Somewhere between a self-help book and a dual memoir, Carolyn Costin and Gwen Schubert Grabb's book is acclaimed for its unique approach to eating disorder recovery. Two experts in the field recount their own experiences with "getting over an eating disorder...how we helped thousands of others do it, and how we hope to help you do it, too." Actress Portia de Rossi praised the book and Costin's insights: "Costin was my eating disorder therapist, and I credit her with my recovery. 8 Keys to Recovery from an Eating Disorder gives the reader the same insight, inspiration, and tools that Carolyn gave to me."
#4. Madness: A Bipolar Life by Marya Hornbacher
After Marya Hornbacher published her acclaimed memoir about recovering from anorexia and bulimia, she was diagnosed with bipolar disorder. She details the personal struggles of managing marriage, divorce, and a thriving career on top of managing her mental health. Her poetic insights turn disturbing scenes of self-harm and substance abuse into personal confessions between her and the reader. "I have these crazy spells sometimes," she writes. "Often. More and more. But I never tell. I laugh and pretend I am a real girl, not a fake one, a figment of my own imagination."
#5. Psychiatric Tales: Eleven Graphic Stories about Mental Illness by Darryl Cunningham
Celebrated cartoonist Darryl Cunningham recounts his experience working in a psychiatric clinic. His deceptively simple style creates evocative imagery of an outsider's perspective on various mental illnesses. He pairs the illustrations with frank text that volleys between personal stories and debunking common but damaging stereotypes, such as the myth that schizophrenic people are more likely to commit crimes than neurotypical people. You can even read the full last chapter, in which he recounts his own experiences with anxiety and depression, on his blog.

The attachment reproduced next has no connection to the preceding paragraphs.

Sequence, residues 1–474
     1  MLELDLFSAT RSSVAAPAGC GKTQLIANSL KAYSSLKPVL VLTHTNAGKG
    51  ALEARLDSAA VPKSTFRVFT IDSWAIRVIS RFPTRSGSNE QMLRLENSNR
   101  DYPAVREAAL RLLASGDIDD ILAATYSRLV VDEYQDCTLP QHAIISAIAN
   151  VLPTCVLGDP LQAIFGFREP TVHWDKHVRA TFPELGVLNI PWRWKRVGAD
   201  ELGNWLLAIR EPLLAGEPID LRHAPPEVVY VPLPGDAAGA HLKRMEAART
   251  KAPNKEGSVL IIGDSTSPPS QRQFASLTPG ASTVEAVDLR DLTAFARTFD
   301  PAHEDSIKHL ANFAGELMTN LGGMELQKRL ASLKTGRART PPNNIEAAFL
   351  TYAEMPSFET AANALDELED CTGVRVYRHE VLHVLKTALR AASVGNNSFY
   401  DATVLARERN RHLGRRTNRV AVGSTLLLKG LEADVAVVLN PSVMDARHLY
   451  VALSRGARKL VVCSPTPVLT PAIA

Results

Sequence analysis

#6. Furiously Happy by Jenny Lawson
Jenny Lawson's #1 New York Times best-selling book of essays really began when she wrote a frustrated blog post in 2010. After living through six difficult months that felt like "a goddamn Victorian tragedy," Lawson called for a new movement: "The FURIOUSLY HAPPY movement." She describes, "I've often thought that people with severe depression have developed such a well for experiencing extreme emotion that they might be able to experience extreme joy in a way that 'normal people' also might never understand. And that's what Furiously Happy is all about." Her memoir is rife with photos to support her stranger-than-fiction anecdotes, from her deep love of deformed taxidermied animals to her heartfelt conversations with her husband and friends about her depression, anxiety, sleep disorders, and co-existing mental illnesses.
7. Daring Greatly by Brené Brown
Even if you're not a middle-aged housewife looking to reclaim your identity (that's a joke about Brené Brown's appearance in Amy Poehler's Wine Country, relax housewives), there's no denying that Brown is a mental health phenomenon. The #1 New York Times bestseller has sold over 1 million copies thanks to Brown's simple but transformative message about the power of vulnerability. She argues, "When we shut ourselves off from vulnerability, we distance ourselves from the experiences that bring purpose and meaning to our lives." By unpacking our collective and personal experiences with shame, fear, and grief, she proposes that "vulnerability is subversive," because it allows us to confront and cope with uncomfortable realities rather than escape them.